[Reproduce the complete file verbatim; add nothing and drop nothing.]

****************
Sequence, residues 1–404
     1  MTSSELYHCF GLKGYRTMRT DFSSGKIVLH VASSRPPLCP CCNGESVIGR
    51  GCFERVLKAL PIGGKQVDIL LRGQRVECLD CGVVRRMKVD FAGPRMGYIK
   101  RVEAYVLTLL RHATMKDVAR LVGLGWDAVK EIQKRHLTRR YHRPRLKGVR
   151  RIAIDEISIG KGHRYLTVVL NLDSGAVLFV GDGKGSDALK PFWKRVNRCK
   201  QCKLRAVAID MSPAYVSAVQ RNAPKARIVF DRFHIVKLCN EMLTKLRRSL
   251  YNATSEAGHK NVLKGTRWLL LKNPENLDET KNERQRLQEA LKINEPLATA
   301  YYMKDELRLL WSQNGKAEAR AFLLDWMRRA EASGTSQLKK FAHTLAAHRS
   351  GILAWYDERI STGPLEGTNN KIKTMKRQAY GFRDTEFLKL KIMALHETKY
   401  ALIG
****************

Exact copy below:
Sequence, residues 1–404
     1  MTSSELYHCF GLKGYRTMRT DFSSGKIVLH VASSRPPLCP CCNGESVIGR
    51  GCFERVLKAL PIGGKQVDIL LRGQRVECLD CGVVRRMKVD FAGPRMGYIK
   101  RVEAYVLTLL RHATMKDVAR LVGLGWDAVK EIQKRHLTRR YHRPRLKGVR
   151  RIAIDEISIG KGHRYLTVVL NLDSGAVLFV GDGKGSDALK PFWKRVNRCK
   201  QCKLRAVAID MSPAYVSAVQ RNAPKARIVF DRFHIVKLCN EMLTKLRRSL
   251  YNATSEAGHK NVLKGTRWLL LKNPENLDET KNERQRLQEA LKINEPLATA
   301  YYMKDELRLL WSQNGKAEAR AFLLDWMRRA EASGTSQLKK FAHTLAAHRS
   351  GILAWYDERI STGPLEGTNN KIKTMKRQAY GFRDTEFLKL KIMALHETKY
   401  ALIG